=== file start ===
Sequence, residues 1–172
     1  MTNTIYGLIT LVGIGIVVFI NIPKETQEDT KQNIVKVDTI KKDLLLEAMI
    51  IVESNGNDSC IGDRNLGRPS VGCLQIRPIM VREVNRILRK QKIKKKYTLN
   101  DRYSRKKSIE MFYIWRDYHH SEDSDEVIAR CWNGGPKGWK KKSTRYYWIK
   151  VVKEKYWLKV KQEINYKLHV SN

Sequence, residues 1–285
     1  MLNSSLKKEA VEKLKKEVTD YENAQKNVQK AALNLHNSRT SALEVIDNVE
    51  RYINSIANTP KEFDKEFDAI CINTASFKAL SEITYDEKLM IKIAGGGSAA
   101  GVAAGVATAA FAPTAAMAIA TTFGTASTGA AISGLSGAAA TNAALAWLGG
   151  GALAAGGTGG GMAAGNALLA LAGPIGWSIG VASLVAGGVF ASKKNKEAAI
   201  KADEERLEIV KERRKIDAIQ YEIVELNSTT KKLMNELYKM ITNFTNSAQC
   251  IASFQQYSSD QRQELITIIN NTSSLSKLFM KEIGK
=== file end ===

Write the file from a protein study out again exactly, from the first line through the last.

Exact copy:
Sequence, residues 1–172
     1  MTNTIYGLIT LVGIGIVVFI NIPKETQEDT KQNIVKVDTI KKDLLLEAMI
    51  IVESNGNDSC IGDRNLGRPS VGCLQIRPIM VREVNRILRK QKIKKKYTLN
   101  DRYSRKKSIE MFYIWRDYHH SEDSDEVIAR CWNGGPKGWK KKSTRYYWIK
   151  VVKEKYWLKV KQEINYKLHV SN

Sequence, residues 1–285
     1  MLNSSLKKEA VEKLKKEVTD YENAQKNVQK AALNLHNSRT SALEVIDNVE
    51  RYINSIANTP KEFDKEFDAI CINTASFKAL SEITYDEKLM IKIAGGGSAA
   101  GVAAGVATAA FAPTAAMAIA TTFGTASTGA AISGLSGAAA TNAALAWLGG
   151  GALAAGGTGG GMAAGNALLA LAGPIGWSIG VASLVAGGVF ASKKNKEAAI
   201  KADEERLEIV KERRKIDAIQ YEIVELNSTT KKLMNELYKM ITNFTNSAQC
   251  IASFQQYSSD QRQELITIIN NTSSLSKLFM KEIGK